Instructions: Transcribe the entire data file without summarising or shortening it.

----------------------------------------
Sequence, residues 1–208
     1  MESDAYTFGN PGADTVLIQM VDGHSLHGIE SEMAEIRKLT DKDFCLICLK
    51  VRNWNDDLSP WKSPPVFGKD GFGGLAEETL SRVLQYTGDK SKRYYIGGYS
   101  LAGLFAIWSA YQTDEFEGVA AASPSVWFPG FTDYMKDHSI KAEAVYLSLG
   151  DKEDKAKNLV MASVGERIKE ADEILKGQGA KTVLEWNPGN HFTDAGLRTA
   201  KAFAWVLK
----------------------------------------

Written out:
Sequence, residues 1–208
     1  MESDAYTFGN PGADTVLIQM VDGHSLHGIE SEMAEIRKLT DKDFCLICLK
    51  VRNWNDDLSP WKSPPVFGKD GFGGLAEETL SRVLQYTGDK SKRYYIGGYS
   101  LAGLFAIWSA YQTDEFEGVA AASPSVWFPG FTDYMKDHSI KAEAVYLSLG
   151  DKEDKAKNLV MASVGERIKE ADEILKGQGA KTVLEWNPGN HFTDAGLRTA
   201  KAFAWVLK